It often happens because of archaic corporate systems that hinge on older generations holding down upper-level positions. In many cases, it’s a catch-22. Millennials are more educated than the generations before them, but they lack the experience to be able to do the jobs they want or in many cases deserve. And yet when they try to gain experience on the job, they are limited by their own job descriptions. Round and round it goes.
Where does this vicious cycle lead? Bored on the job, these talented millennials leave your workplace looking for a better opportunity. I don’t blame them. In fact, I encourage it.
Now in any business there are certain tasks that have to be done and that’s part of the growth process for any young employee. But the traditional growth process that heretofore has ordained a mandatory rite of passage in employment is changing. It has to change now that millennials dominate the labor pool.
Addressing this situation is not rocket science. If you are aware of the following millennial needs, and try to address them, I believe you can put an end to “The Big Lie” in your workplace.
Understand these four core attributes of millennials: they are looking for opportunities to learn, to grow in responsibility, to contribute to others, and to be recognized. Instead of following classic “rites of passage” in your job succession planning, start today asking yourself these questions with regards to your younger employees:
Where are their specific opportunities for them to learn?
To grow in responsibility?
To contribute to others?
To be recognized?
Companies that build a framework around those four ideas (or ideals) will be the ones that hold onto their talented millennials and also successfully recruit the best new talent.
You can’t hand millennials the keys to the corporate jet on Day One, but you can create a culture around these four questions. Doing so will organically rid your workplace of the menial and meaningless aspects of your job descriptions and provide millennials with a roadmap to progress with your business.
There’s a carrot for you if you do it. FMI Quarterly’s research also found that if employees feel like they are making progress and advancing in their careers, they will be more likely to remain with their companies for the long term. Of survey respondents indicating that they understood their career paths and opportunities within their firms, 81 percent of millennials expected to stay more than five years at their company. Conversely, of those respondents not expecting to stay more than five years, one-third were unsure of their current roles, responsibilities, and expectations.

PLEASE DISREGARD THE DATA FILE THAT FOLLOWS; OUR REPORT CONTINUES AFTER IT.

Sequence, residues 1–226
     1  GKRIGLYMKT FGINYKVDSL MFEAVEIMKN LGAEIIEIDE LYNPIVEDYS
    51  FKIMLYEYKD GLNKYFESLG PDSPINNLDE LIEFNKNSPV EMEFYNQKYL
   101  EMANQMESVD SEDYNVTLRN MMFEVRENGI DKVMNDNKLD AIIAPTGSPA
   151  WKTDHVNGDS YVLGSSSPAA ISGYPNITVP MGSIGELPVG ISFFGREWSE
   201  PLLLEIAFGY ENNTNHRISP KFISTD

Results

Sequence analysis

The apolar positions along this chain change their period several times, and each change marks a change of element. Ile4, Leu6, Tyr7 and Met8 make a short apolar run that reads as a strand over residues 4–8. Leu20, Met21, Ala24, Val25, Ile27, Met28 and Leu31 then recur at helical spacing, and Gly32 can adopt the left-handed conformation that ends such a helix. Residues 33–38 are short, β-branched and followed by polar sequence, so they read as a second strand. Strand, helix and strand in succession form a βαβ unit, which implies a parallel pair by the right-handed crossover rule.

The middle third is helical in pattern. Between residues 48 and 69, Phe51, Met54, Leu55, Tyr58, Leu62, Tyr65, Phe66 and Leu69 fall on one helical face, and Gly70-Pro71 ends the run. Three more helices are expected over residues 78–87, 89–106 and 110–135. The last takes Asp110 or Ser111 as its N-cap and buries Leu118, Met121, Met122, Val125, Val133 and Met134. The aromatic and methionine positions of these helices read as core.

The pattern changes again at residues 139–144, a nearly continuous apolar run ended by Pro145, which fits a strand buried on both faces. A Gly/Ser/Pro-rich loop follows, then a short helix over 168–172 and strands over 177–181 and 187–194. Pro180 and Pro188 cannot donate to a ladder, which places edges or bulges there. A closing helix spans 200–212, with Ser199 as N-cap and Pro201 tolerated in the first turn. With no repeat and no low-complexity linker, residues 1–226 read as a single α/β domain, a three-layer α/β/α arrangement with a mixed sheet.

By comparison, the cost of perpetuating The Big Lie where millennials feel they are not being prepared or seasoned to take on more responsibility is a steep one. According to Pew Research, half of millennials would rather have no job than a job they don’t like. And the Society for Human Resource Management estimates the cost of replacing an employee to be between 50 percent and up to 400 percent of their annual salary. (Forbes reports that the average cost to replace a millennial is between $15,000 and $25,000.)
Gallup’s advice to employers is perhaps the best advice when it comes to addressing The Big Lie and creating workplaces that embrace change and innovation, not fight it. “As part of their attraction strategy,” Gallup reported, “companies should accentuate their learning and development programs … for going from good to great.”